USS Kitty Hawk undergoes replenishment-at-sea
By Sgt. Andrew D. Pomykal
| | December 07, 2001
ABOARD THE USS KITTY HAWK --
The USS Kitty Hawk, a 40-year-old aircraft carrier hailing from Yokosuka, Japan, continues to carry the fight to the enemy during Operation Enduring Freedom. Commissioned in 1961, the Kitty Hawk is the second United States Naval war ship to be named after the coastal North Carolina location and the site of man's first successful flight. When fully-manned, it has a crew of more than 5,000 sailors and if it were stood on its end, it would be as tall as an 80-story building.
Operating somewhere in the Arabian Sea, the Kitty Hawk is a floating city that never sleeps. While modern aircraft are catapulted into the sky from the flight deck, down below, crewmembers go about their duties with a purposeful nonchalance. To keep this city operating at peak performance requires hard work and a steady supply of goods and items via a replenishment-at-sea (RAS) every five to 10 days.
Recently, the "Hawk", as referred to by its inhabitants, navigated alongside and was restocked on the move by the USS Detroit, a supply ship. The RAS began when Seaman Apprentice Andrew L. Phillips shot a line to the portside of the Detroit using an M-14 rifle. The rifle had been specially modified with an attachment on the barrel that fires a soda-can sized, hard rubber projectile from ship-to-ship.
Hanger bay and logistics crewmembers then used several heavy ropes to pull thick, metal cables across the span. The cables were used to ferry the goods and equipment pallets over to the "Hawk". Two cables supported two six-inch fuel lines that transferred diesel fuel from ship-to-ship.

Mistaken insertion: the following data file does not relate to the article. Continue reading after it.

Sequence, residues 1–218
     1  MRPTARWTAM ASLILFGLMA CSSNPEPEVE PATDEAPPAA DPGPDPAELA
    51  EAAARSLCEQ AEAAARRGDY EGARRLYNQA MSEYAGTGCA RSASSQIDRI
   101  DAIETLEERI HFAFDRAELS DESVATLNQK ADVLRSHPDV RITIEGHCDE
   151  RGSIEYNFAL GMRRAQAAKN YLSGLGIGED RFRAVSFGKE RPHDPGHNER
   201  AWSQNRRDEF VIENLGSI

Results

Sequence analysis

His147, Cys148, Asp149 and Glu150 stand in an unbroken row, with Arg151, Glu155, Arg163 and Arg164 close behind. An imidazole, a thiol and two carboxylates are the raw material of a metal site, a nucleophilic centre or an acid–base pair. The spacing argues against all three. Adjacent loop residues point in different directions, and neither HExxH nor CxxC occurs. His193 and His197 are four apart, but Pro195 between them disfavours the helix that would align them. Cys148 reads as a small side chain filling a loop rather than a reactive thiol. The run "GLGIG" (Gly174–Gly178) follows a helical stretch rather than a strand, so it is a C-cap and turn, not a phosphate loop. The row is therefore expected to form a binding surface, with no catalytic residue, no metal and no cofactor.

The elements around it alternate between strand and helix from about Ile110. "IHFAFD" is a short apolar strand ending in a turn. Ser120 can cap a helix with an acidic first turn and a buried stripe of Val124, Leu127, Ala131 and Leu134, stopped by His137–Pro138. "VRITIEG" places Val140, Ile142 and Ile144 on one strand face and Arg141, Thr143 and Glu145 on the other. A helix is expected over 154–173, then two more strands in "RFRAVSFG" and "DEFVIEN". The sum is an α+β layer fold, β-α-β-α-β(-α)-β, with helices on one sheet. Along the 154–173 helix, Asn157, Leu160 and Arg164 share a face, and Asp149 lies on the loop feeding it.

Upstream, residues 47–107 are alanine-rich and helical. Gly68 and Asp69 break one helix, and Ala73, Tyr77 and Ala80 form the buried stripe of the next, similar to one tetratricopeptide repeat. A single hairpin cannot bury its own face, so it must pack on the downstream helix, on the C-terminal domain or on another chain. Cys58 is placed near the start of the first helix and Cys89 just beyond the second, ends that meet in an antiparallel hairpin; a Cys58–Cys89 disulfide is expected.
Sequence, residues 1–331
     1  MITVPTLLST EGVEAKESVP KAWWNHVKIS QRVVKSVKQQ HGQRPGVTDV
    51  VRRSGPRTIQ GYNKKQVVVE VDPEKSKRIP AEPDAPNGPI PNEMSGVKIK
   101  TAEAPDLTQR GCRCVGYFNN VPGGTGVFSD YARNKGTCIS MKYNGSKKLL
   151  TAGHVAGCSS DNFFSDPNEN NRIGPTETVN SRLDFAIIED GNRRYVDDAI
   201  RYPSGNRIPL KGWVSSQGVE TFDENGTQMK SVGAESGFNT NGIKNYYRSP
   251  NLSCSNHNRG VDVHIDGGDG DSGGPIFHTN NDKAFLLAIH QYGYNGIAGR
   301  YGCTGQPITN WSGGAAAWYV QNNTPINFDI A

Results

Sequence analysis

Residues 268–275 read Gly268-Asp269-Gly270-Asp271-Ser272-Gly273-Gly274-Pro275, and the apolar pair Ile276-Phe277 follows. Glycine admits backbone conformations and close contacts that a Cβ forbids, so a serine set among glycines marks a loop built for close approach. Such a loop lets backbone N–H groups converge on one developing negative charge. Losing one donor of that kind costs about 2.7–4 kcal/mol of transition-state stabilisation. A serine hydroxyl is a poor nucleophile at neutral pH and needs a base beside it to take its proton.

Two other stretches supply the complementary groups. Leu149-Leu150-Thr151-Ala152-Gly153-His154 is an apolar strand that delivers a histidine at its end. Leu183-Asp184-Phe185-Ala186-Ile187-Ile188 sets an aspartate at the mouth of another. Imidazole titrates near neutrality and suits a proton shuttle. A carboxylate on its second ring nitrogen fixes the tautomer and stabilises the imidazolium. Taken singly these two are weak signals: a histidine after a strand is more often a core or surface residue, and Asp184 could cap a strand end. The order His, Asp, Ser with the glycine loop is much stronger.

"It is pumped at three thousand gpm (gallons per minute)," said Master Chief Todd V. Thom from Hustisford, Wis. The 22-year veteran serves as a safety inspector in the hanger bay and has spent more than half of his career at sea. According to Thom, the Hawk took on more than 200 pallets of goods and 800 thousand gallons of fuel from the Detroit. The pallets were carried by a motorized three cable, pulley and hoist system that kept the cargo high and dry over the water.
Once the pallets were inside the "Hawk's" cavernous hanger bay, supply personnel sped the packages to their destinations. The flight deck was also abuzz with activity as CH-46E helicopters from the USS Saturn, another supply ship, dropped off another 500 pallets. The helicopters swooped in low and fast to deposit the pallets enveloped in heavy nylon cargo netting as they dangled below. Handlers driving small forklifts moved quickly to reposition the load onto an elevator. By mid-afternoon, the airlift operation had ended and most of the supply had disappeared into the bowels of the ship.
"We've received everything from aviation parts and ordnance to hazmat (hazardous materials) and food. Mostly food," said Petty Officer 3rd Class Damien R. Furtman of Duluth, Minn. He has spent practically all of his four-year enlistment on the "Hawk" and works as an elevator operator and performs maintenance on the hanger deck.
"Supply on ship is a tough, physical job," said Seaman Alfredo R. Angeles of San Juan, Puerto Rico. "After we get all the heavy pallets to the hanger, we still have to ensure everything goes to the right department. An RAS means a long, hard day for us."
That hard work paid off, however, when the crew was served fresh crab legs for dinner.